Cashing Out Paid-Time-Off (PTO) When Resigning
Your rights to your paid time off after you resign are subject to a mixture of your employer’s policies and the laws of the state in which you work. If you live in a state that gives you the right to cash it out, or if your employer’s policies give you the privilege, you’ll have the ability to do so. Otherwise, it’s something that you may have to negotiate with your soon-to-be former employer.
Whether you’re thinking about leaving your full-time job to stay at home with the kids or considering a new position with a higher salary, it’s up to you to learn if you’re eligible to cash out your paid time off before leaving your old job.
Job Change Strategies
When formulating a strategy for what to do about your PTO before you resign, you may want to wait to do anything until you’re sure that your new employer has completed any reference checks. As a part of your candidate evaluation, the new company will probably check your criminal background, and talk to your old employer. While an employer shouldn’t retaliate against you for resigning or for requesting a PTO payout, it’s probably best to wait to make any major requests or have any major disagreements until after the reference check is completed.
Some states protect your rights to your vacation and PTO, which combines vacation time and sick leave into time off that you can use for any reason. In California, for example, all PTO is considered earned income, and the employer must cash out earned vacation time upon termination or resignation, according to the California Department of Industrial Relations. Check with the governing agency of your state that determines labor law to be sure you know your individual employee rights.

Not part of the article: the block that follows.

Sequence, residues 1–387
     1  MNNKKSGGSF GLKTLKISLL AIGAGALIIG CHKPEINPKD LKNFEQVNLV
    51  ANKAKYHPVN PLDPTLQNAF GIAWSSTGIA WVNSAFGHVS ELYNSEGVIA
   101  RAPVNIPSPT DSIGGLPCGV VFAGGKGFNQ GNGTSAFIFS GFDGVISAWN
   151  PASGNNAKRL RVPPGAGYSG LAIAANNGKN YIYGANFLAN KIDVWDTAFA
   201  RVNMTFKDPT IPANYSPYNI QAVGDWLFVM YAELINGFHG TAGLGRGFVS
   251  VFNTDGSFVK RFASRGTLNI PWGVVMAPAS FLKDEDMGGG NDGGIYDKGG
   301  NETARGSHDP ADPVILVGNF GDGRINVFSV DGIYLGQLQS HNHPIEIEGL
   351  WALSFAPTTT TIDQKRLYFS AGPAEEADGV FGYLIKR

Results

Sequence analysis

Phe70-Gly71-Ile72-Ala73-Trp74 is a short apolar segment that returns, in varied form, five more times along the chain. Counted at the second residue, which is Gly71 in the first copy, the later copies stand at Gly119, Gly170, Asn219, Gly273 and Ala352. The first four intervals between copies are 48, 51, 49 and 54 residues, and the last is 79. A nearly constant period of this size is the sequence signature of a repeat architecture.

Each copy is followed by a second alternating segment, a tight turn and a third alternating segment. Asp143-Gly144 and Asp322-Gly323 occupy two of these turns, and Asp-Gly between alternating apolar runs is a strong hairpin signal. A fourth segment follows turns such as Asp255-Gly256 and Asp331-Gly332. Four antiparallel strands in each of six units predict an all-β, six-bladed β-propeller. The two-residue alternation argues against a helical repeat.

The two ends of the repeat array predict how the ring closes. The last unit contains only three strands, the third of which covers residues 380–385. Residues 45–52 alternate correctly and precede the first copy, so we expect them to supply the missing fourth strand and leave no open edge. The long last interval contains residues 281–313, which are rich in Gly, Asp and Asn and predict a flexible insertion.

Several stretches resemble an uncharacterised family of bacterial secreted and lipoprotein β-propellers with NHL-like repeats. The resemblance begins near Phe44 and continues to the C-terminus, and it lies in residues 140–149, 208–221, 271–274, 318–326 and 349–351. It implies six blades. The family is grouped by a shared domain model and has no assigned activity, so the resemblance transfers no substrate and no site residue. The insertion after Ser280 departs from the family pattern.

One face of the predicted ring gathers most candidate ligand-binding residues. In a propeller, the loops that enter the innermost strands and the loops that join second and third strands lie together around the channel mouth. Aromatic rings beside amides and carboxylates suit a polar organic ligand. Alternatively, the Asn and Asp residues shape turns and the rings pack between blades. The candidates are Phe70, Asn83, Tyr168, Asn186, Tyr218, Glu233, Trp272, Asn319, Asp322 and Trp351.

When your state doesn’t have a clear law, payment of PTO is at your employer’s discretion. For companies that don’t have a clear policy, you will have to negotiate with your employer. While there’s not a lot of reason for the employer to pay out your PTO if you’re resigning and the law doesn’t require it, your employer may choose to do so as a matter of goodwill. Offering to train your replacement or remain available for questions after you leave may be a benefit that you can provide to convince your employer to be more generous with you.
Taking the Leave
The easiest way to avoid complications with unused PTO is to use the leave before you resign. Drawing down your PTO balance eliminates any problems with cashing out. It may also give you an opportunity to take a vacation or handle some personal business so you’re well-rested and completely ready for your new career role. If you choose this option, check your employer’s policy for PTO and resignation notice periods. You may not, for instance, be able to give your two-week notice and submit a leave request so that you spend those two weeks on vacation.
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About the Author
Solomon Poretsky has been a writer since 1996, with experience in the fields of financial services, real estate and technology. Poretsky holds a Bachelor of Arts in political science from Columbia University.
This article is provided for general guidance and information. It is not intended as, nor should it be construed to be, legal, financial or other professional advice. Please consult with your attorney or financial advisor to discuss any legal or financial issues involved with credit decisions.
Published by permission from ConsumerInfo.com, Inc. © 2013 ConsumerInfo.com, Inc. All rights reserved.